YL: The exhibition is divided into sections, there are historical photographs and contemporary photographs. Can you talk about the relationship between them?
SC: If we look at the series by Lebohang Kganye, a very successful South African photographer, what I thought was really interesting is that it has some continuity with the history of African photography. In these images, we see Kganye wearing the clothes of her deceased mother, [an image which is then digitally] juxtaposed on the original picture of her mother.
When we look at the studio photographs by Seydou Keïta and Malick Sidibé, there are what I call the twinning images: these women coming dressed the same as the photographer to commemorate this sort of bond. You know the expression “cut from the same cloth?” It’s something that’s been traditionally done: creating and wearing a similar dress to express some kind of solidarity, or bonds of friendship or family. And what I thought was really interesting is that Kganye is following this tradition in a new way.
You have a strong connection in African photography between textile and photography. In the 19th-century room, in one of the windows, is a book with photographs by an African photographer, and you can see how [the subjects] sit with legs wide apart is so that the textile is visible. Very often the pattern on textile had meaning; it conveyed social status, among other things. What’s fascinating with photography is that for a very long time people thought it was a machine, that it was mechanic, and that it was always being used in the same mechanical way. This example of textiles in the image shows how photography has been culturally appropriated in different ways.
YL: Attention to African photography is changing. The history of African photography is largely unknown in the West. How do you think it is changing, and why? Maybe a biennale is one way, or an archive.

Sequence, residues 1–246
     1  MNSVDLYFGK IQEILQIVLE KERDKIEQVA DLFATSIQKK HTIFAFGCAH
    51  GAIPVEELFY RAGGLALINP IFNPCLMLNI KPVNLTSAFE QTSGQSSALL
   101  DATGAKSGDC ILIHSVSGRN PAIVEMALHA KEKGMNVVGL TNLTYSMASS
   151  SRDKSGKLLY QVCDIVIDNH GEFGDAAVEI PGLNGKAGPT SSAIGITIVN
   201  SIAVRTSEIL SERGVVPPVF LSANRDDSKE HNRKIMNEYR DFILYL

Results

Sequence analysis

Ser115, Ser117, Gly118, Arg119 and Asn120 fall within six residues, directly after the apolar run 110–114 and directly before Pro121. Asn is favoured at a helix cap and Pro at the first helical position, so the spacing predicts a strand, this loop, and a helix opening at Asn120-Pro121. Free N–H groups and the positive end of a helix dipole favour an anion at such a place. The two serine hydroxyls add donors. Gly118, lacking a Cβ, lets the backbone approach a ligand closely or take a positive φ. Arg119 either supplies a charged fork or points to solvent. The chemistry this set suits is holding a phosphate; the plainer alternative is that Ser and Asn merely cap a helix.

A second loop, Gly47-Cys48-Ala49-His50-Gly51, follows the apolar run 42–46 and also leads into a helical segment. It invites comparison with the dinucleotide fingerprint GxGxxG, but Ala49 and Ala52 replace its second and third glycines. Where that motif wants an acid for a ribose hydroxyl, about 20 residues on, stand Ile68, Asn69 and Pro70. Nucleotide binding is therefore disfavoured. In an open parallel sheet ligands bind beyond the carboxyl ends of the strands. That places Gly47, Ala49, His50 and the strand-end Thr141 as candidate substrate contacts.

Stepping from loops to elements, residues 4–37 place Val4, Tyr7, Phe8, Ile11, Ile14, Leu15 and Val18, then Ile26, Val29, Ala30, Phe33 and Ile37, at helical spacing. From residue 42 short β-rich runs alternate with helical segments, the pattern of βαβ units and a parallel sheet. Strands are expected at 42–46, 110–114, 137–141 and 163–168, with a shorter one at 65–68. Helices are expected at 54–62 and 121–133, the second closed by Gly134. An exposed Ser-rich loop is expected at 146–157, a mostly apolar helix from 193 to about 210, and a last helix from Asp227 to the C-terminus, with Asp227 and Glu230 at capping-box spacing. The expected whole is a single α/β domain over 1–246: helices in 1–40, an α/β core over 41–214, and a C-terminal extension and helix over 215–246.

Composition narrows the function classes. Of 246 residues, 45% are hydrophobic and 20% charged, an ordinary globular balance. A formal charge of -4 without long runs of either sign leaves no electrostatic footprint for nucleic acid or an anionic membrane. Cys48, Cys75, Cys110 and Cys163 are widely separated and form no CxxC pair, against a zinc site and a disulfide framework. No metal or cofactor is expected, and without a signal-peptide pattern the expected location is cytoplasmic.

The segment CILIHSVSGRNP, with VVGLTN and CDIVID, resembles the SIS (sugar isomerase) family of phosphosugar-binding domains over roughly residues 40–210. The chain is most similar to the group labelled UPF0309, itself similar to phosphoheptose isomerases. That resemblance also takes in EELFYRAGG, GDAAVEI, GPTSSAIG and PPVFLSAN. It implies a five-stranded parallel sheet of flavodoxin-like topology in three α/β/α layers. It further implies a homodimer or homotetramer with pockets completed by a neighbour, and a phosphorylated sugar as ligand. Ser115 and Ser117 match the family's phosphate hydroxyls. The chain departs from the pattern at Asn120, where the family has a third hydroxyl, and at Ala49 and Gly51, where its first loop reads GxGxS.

SC: One thing that was recently “discovered”—and I’m very carefully using this word “discover,” because in the West we consider that we’ve discovered something even when it has been there for a long time, so we could say instead that it has been popularized recently—is the life of midcentury studio-portrait photographer Felicia Abban. She’s still alive; she had her own studio in Ghana in the 1950s. And so that’s something completely new. We always assumed that there were only male practitioners in these studios, and now that’s completely shifting. We are telling the history of photography in the continent because we know now that there were female photographers practicing and having their own studios.
It’s true that the concentration of images in the exhibition are from South Africa, West Africa (Mali, Nigeria) and then East Africa, especially in the historical room. The research about African photography is still a very young discipline, it’s barely 30 years old. It’s still something we are unravelling. There is tons [more] that needs to be done. I’ve done my own research about [photographic histories] in Central Africa, and in the Congo; I was the first researcher to do that.
So there are tons of things we don’t know yet, which is exciting, but at the same time daunting. I think in the coming years we will understand more and more about how photography has been used in particular cultural ways in Africa.